My Advice for the Pragmatic CSO

gordon-and-loeb.jpgMike Rothman writes:

On the Wikid blog, they tackle the mess of incentive plans in this post (h/t to Emergent Chaos). I can see the underlying thought process, but I have a fundamental issue with the idea of capping information security expenses to about 1/3 of the expected loss. Now I haven’t read Gordon & Loeb’s book, so maybe there is a reason it’s 37% and not 50%. Obviously you need to show a “return” on the security investment, so it isn’t going to be 100% – but whatever.

“Whatever?” “Maybe there’s a reason?” It’s not like this is a $200 book. It’s $40 and 225 pages.

My advice for the pragmatic CSO is to read Gordon and Loeb instead.

PS: Now I know why it’s called the Security Incite, not the Security Insight.

3 Comments on "My Advice for the Pragmatic CSO"

  1. Grumpy grumpy grumpy. Nice job of taking my snippet out of context Adam. The reality is that little snippets of this book (like don’t spend more than 37% on security) traverse the Internet and pick up steam. I wanted to share my opinion that putting an arbitrary cap on what you should do from a security budgeting standpoint didn’t make sense to me.
    And if I recall correctly, you’ve gotten some “incite” from my work in the past. 🙂

  2. Mike:
    Did you read my ( original post? I think I was pretty clear that you could pick your own percentage. Consider:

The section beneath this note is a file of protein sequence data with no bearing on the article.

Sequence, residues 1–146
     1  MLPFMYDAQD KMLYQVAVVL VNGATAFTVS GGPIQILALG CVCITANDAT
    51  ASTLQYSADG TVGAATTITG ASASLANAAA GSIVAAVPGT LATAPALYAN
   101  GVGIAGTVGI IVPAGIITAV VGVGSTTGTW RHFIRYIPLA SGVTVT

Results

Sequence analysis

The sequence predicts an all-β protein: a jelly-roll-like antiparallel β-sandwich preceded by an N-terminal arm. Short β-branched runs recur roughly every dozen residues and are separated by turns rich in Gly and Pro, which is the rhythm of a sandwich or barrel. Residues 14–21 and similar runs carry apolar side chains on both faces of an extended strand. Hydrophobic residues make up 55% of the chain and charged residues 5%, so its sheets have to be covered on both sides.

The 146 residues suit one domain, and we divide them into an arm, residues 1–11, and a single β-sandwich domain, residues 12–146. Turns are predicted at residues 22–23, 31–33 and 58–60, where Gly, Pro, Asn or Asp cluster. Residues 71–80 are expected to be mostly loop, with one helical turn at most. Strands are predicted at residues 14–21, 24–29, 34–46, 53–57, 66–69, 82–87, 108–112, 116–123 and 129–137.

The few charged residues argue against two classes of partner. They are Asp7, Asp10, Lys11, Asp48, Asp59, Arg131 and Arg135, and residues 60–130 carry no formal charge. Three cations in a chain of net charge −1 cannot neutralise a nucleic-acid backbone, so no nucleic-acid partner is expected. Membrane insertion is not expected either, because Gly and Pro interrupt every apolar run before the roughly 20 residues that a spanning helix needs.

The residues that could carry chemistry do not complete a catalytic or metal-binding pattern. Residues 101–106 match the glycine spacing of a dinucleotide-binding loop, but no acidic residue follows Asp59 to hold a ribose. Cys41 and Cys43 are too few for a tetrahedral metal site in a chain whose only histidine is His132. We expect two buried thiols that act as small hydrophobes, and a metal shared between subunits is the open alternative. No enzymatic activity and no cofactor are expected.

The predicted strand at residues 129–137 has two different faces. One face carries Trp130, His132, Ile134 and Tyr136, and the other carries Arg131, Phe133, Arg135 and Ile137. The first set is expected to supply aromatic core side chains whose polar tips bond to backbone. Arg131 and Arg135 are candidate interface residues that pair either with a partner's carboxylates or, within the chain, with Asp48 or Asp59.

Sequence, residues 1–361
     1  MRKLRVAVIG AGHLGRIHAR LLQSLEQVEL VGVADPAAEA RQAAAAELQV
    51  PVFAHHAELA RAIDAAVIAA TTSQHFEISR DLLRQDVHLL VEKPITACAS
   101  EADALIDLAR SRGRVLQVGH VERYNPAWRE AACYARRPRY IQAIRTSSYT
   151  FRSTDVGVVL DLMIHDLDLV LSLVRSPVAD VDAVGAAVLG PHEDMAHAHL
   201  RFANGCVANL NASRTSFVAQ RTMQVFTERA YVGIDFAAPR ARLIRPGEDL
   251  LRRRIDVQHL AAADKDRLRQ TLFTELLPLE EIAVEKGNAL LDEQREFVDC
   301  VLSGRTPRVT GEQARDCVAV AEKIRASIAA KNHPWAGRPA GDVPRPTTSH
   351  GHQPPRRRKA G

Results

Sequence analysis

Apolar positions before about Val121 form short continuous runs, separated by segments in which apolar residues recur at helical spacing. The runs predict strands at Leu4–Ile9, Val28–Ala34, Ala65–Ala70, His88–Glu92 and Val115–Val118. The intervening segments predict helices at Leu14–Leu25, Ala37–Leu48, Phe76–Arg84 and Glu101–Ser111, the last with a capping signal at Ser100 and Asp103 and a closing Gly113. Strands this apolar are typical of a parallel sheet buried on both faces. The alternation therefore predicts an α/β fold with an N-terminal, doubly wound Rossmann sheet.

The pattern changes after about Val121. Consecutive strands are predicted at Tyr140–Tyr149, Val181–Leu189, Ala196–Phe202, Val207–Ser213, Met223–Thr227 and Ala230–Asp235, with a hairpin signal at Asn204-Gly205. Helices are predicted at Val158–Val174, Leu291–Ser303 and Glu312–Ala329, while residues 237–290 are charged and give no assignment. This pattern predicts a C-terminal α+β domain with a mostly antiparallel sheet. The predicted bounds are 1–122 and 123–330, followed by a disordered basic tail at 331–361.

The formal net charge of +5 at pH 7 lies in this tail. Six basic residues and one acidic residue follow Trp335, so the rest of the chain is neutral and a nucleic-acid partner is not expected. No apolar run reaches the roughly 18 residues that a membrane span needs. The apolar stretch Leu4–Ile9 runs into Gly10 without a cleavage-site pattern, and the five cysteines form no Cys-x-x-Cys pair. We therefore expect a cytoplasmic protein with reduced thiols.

“First, assume that you believe, as discussed in Gordon & Loeb’s book Managing Cybersecurity Resources: A Cost-Benefit Analysis and discussed here that an organization should spend no more than 37%”
    and, pertinently:
    “If this cap doesn’t work for you, then you can do more research or negotiate a cap.”
    or, to sum:
    “So there it is, just a simple, starting point proposal.”
    I posted a response to responses:, since I took umbrage at some of the responses posted by the grump-meisters at Emergent Chaos.

  3. Out of context? Please tell, what’s the additional context needed? I believe Gordon and Loeb to be an important partnership-they’ve published important papers (I’ve bemoaned them not being available online in the past), and an important book.
    In both a paper and their book, they explain, in depth, the reason they say to cap spending at 37% based on a continuous, price curve. It’s easy to argue that prices are not contiguous, and there are (as Nick Owen has pointed out) other critiques. But you were incitefuly dismissive.

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